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Hummingbirds are on Their Way!

Hummingbirds

All images taken by Connie Etter.

Hummingbirds are on their way back.  It’s time to get ready for them.

This is my 5th year photographing hummingbirds.  Planning my hummingbird area is always a time for me to get creative.  Not only do I have to think like a hummingbird but I also need to think like a photographer.  In the last two years I have counted 70-100 hummingbirds at one time during fall migration.

HummingbirdLet’s start with "thinking like a hummingbird".  We need to create the right environment for our flying jewels.  Hummingbirds not only need nectar they also need insects for protein.  Try putting some rotting fruit on a small birdbath.  This will attract fruit flies.  It is entertaining to watch the hummingbirds eat. 

Hummingbirds also love to perch. Statistics show hummingbirds feed for one minute 15 times in one hour and perch while their body absorb the sugar.  Head out into your yard and find a few broken branches around 5 feet tall.  Position the limbs in the ground or container near your feeders.  Some of my favorite images are behavior shots while my hummingbirds are perching.

Now we need to plan our gardens.  As we have been told hummingbirds love “Red”.  We are going to plant "lots of red".  They also love plants that are tubular in shape. When planting my hummingbird garden I plant flowers that bloom at different times.  Spring flowers for their arrival, summer and fall bloomers.  You especially need flowers that bloom in the fall.  Hummingbirds will be fueling up for their long trip south starting early August- mid September.

HummingbirdWhen designing my hummingbird area I “group” three or four of the same type of plant together.  Grouping plants together seem to make them stand out.  My feeders are usually placed at different heights throughout my hummer area.  Don’t forget to plant a few containers and hanging baskets.  Even the smallest gardens have room for hanging baskets.  You can make the most of containers by choosing plants with long seasons of bloom and replace faded plants with fresh performers. 

Thinking as a photographer, I like to photograph hummingbirds sipping from flowers rather than from a feeder.  I prefer flowers that are smaller than the hummingbirds. When arranging my flowers I try to keep the taller flowers to the back of my flower beds.  I position them this way to create a beautiful blurry color (aka bokeh) in the background of my images.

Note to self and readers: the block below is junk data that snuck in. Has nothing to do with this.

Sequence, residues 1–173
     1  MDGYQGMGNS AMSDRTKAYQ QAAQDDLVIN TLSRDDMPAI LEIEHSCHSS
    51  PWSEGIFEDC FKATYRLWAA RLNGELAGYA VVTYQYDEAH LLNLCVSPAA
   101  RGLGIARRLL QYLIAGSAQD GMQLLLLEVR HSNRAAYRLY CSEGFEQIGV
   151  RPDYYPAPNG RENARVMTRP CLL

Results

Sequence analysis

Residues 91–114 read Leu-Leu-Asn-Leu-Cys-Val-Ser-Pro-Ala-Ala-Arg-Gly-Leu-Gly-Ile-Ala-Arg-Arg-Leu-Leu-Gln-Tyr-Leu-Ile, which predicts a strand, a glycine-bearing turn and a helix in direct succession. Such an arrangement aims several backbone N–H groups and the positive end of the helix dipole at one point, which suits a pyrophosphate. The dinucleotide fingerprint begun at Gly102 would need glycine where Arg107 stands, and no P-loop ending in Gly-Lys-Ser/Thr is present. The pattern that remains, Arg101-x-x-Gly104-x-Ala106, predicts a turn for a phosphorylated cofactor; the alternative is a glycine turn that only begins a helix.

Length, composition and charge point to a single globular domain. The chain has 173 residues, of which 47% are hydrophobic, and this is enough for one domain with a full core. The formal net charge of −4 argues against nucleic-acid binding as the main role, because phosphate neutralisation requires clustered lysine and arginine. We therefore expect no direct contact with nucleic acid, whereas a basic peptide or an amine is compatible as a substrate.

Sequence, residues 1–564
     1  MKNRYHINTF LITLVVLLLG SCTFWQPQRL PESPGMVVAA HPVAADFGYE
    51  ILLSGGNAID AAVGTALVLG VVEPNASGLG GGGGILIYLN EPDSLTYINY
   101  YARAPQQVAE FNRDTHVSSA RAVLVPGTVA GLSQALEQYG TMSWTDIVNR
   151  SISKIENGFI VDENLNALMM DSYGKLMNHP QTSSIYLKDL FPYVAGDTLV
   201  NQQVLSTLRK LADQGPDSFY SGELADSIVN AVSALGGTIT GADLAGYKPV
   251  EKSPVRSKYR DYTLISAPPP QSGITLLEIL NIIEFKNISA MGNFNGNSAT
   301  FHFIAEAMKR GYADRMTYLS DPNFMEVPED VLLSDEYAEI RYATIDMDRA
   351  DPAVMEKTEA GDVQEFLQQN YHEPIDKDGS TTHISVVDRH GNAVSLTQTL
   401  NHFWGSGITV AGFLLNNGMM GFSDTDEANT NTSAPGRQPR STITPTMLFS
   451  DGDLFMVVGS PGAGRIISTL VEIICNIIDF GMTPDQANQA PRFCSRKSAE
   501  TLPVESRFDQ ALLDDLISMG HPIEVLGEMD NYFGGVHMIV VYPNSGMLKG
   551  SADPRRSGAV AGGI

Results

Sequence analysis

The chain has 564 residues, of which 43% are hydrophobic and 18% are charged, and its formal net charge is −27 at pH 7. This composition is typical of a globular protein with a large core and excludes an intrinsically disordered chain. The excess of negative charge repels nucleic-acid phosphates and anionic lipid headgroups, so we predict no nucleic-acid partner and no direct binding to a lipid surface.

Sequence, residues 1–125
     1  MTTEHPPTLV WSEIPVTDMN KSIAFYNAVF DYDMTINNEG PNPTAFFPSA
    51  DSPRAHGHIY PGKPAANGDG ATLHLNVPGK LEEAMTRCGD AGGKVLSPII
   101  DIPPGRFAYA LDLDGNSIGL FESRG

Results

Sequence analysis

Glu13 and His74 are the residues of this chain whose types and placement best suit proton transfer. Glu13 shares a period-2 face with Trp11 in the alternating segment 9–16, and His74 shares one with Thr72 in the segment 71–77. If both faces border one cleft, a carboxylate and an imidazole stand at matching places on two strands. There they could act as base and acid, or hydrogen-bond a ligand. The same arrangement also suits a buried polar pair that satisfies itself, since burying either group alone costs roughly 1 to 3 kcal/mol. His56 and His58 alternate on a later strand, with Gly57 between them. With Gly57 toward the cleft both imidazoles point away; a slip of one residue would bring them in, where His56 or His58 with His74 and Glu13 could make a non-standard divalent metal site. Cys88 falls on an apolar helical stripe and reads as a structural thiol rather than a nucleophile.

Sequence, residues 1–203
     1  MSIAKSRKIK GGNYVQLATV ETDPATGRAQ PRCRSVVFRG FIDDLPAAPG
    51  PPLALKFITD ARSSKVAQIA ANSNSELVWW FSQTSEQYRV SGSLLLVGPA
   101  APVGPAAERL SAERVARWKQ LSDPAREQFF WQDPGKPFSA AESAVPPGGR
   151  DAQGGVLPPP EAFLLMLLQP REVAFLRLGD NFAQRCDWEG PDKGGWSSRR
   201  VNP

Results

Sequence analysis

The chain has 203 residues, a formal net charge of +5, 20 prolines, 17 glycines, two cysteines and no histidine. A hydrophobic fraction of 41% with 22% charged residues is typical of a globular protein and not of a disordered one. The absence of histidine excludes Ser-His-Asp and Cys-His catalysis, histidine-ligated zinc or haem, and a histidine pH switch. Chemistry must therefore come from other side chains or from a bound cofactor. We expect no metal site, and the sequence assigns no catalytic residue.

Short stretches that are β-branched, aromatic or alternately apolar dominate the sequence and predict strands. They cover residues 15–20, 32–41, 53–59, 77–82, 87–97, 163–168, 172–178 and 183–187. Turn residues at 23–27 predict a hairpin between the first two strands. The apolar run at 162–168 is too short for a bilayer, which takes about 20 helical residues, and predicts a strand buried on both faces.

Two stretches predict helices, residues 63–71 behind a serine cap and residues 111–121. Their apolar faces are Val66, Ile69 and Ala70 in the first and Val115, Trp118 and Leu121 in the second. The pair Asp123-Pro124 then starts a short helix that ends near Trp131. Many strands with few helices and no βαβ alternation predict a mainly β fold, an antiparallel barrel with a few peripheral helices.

HummingbirdWhen setting up your garden try to position the sun at your back.  This will allow you to capture greater detail in bird’s feathers.  If you see your birds go to the feeder more than the flowers.  Try picking a flower leaving enough of the stem and place it in the port hole of your feeder. You can also cover the port holes in the back of the feeder to force the birds to the ports you want the birds to go to.

You could try these camera settings:  Mind you this is on a very sunny day.  Set your camera on shutter priority. Set the ISO at 400 and your shutter at 1/1000 of a second.  In shutter priority your camera sets your aperture.  If your images are too dark try raising your ISO to 800.

Here are some of my favorite flowers and theirs:

Butterfly Bushes Red Hot Poker Trumpet Vine
Honeysuckle Cardinal Flower Milkweed
Bee Balm Hibiscus Zinnias
Columbine Salvia Penstemon

And a variety of wildflowers- wildflowers have the highest quality of  nectar which seems to really draw in hummingbirds!

Now it’s time to sit back and enjoy the greatest show on earth. I would love to see your hummingbird garden and your images.

Connie Etter is an American Meadows customer from Indiana, gardening in Zone 6. Connie not only loves to garden but also is a professional photographer and we are thrilled to accompany her blog with her own gorgeous photos. To see more of Connie’s gardening and photography, please visit her website or facebook page.

April 30, 2013 · Garden Writer · Comments Closed
Tags: , , , , , , , ,  · Posted in: Gardening in Fall, Gardening in Spring and Summer, How-Tos, Perennials, Wildflowers